News Analysis: Shrewd Move by Syrian Leader Poses Tough Dilemma for Shamir Government
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News Analysis: Shrewd Move by Syrian Leader Poses Tough Dilemma for Shamir Government

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Syria’s reportedly positive response to President Bush’s proposals for convening a Middle East peace conference has presented the Israeli government with a tough choice.

Either it can back down on its opposition to a United Nations role in the conference, a move Israeli hard-liners fear would set a dangerous precedent, or it can stand its ground and risk being blamed for the collapse of the peace process.

Officially, Jerusalem has cautiously welcomed the reportedly forthcoming letter that Syrian President Hafez Assad sent Bush last weekend.

A statement issued Tuesday by the Prime Minister’s Office said that if “the Syrian response makes possible the opening of direct, unmediated negotiations, we will view it favorably, because what Israel has always wanted was to sit with the Arab states without preconditions.”

But Prime Minister Yitzhak Shamir cannot but have been chagrined to hear Assad’s response extolled this week by Bush and U.S. Secretary of State James Baker.

In London, the U.S. president on Monday called the Assad letter a “breakthrough,” and Baker said that it contains “the real possibility of bringing about, I think, direct face-to-face bilateral negotiations between Israel and Syria.”

Assad’s response to Bush’s June 1 request to Middle East leaders for “flexibility” may have been six weeks late in coming, but it appears to have been just what the Bush administration was looking for.


Shamir’s reply to the same request, though much more prompt, was widely interpreted as a polite refusal to accept Bush’s proposals for surmounting the procedural obstacles to convening a peace conference.

It is likely that the Israeli prime minister figured his neighbor to the northeast would be no more forthcoming.

In that sense, Assad seems to have shrewdly scored a tactical victory on the diplomatic battle-field, timing his purportedly positive response on the eve of the summit meeting of seven leading industrialized nations in London, thereby ensuring maximum publicity.

But it is not yet clear that the entire onus will be put on Israel, as Secretary of State Baker makes another swing through the Middle East.

Baker, who encountered nothing but frustration in his junkets to the region after the Persian Gulf War, stressed Tuesday that the Syrian letter did not “presume to speak for other countries or other interests.”

Hinting at possible opposition from Jordan’s King Hussein and the Palestinians the Hashemite monarch may be asked to represent, Baker said, “There are plenty of hurdles, and we’re not there by a long shot.”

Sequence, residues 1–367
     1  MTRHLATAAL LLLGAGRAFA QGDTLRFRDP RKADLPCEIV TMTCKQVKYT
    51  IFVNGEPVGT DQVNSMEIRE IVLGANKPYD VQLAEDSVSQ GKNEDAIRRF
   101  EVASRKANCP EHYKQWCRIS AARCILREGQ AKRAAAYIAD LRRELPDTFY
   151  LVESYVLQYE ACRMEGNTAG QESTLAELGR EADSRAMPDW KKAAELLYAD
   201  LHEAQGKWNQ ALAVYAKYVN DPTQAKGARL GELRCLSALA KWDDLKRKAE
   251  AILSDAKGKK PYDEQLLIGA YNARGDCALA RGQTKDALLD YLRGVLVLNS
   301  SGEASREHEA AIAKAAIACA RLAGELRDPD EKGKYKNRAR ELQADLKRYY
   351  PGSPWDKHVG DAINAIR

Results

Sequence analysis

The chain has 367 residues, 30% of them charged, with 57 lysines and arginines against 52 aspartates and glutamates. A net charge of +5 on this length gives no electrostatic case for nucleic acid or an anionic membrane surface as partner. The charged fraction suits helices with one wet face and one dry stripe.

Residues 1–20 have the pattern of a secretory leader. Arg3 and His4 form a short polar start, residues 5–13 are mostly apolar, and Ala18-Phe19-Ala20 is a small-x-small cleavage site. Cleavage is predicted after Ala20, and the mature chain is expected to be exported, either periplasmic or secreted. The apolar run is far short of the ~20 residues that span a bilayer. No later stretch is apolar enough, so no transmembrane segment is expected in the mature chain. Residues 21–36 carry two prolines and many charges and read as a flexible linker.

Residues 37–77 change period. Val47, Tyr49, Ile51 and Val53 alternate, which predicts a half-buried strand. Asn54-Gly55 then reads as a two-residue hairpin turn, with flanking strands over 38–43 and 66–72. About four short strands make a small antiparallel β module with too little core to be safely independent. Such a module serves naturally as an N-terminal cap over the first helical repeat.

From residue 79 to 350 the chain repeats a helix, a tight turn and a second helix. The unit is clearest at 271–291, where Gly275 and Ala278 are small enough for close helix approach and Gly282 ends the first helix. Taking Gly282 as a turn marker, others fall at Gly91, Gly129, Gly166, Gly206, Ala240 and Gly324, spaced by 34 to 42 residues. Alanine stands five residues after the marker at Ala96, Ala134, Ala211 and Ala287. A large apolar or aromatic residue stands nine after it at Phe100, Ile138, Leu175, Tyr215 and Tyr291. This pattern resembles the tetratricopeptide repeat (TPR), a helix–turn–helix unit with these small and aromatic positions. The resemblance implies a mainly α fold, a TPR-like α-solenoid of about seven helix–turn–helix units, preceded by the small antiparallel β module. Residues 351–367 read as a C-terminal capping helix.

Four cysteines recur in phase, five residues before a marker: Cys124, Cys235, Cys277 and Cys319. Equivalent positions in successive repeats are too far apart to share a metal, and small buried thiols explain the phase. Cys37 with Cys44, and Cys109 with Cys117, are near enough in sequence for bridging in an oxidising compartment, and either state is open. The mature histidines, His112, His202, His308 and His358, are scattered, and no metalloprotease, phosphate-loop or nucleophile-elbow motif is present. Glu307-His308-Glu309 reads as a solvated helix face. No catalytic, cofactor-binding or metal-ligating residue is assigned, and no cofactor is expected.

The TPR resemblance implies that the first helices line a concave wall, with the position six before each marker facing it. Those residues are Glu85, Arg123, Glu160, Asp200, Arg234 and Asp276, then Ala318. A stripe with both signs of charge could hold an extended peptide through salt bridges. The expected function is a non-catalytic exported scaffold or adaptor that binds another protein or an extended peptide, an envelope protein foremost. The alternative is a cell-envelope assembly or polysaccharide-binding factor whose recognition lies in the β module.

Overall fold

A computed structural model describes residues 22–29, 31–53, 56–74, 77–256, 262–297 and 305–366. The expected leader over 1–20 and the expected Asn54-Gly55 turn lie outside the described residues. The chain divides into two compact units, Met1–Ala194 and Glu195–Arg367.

“This is a dual-track process, so we have not just the Israeli-Arab state negotiations to consider, but the Israeli-Arab state negotiations to consider as well.”

Nevertheless, the secretary is expected to intensify his pressure on the Shamir government when he arrives in Israel on Sunday night, at the end of the Tisha B’Av fast.

Bracing for a confrontation, Shamir’s office made it clear Tuesday that “Israel will stand by all its positions and principles, as expressed in the prime minister’s letter to President Bush.”

In the letter, Shamir is said to have opposed Bush’s suggestion that a “silent” U.N. observer be allowed to participate in the proposed peace conference and that the conference reconvene periodically — with the unanimous consent of all parties — to hear reports on the progress of the bilateral, direct talks that the conference would initiate.

Israel insists that the peace conference be no more than a ceremonial curtain-raiser for separate direct talks with Palestinians and Arab states, and be quickly and permanently adjourned.

Similarly, it fears a U.N. presence, even with no more than observer status, would set a dangerous precedent for U.N. involvement in the peace process.


The Syrian position had been quite the opposite.

Assad, in his extensive talks with Baker last month, demanded a full-fledged international conference under the auspices of the five permanent members of the Security Council, based on Resolutions 242 and 338, which the Arabs interpret as embodying the principle of trading territory for peace.

Baker said Syria “would still like to have a silent U.N. presence” at any peace conference but that Assad’s letter did not state any conditions for Syria joining a peace conference.

If Israel cannot find a way to appear to be equally forthcoming, it faces the prospect of Assad looking like the “good guy” in the Middle East equation and Shamir looking like the spoiler.

But political commentators here pointed out this week that the Israeli premier has some room to maneuver.

The Knesset goes on summer recess July 24. Until it reconvenes in October, Shamir’s government is immune from no-confidence motions. That means the prime minister will be able to conduct foreign policy without dissent from either the government or the opposition.

When the Knesset does reconvene, it will be barely a year before both the Israeli parliamentary elections and the U.S. presidential elections.

The United States historically is loath to apply any sort of pressure on Israel during a presidential election year, which could give Shamir a long breathing spell.

And Shamir could always opt for early Knesset elections at home, rather than make any real concessions.

The collapse of the Israeli government could put the peace process on hold indefinitely.

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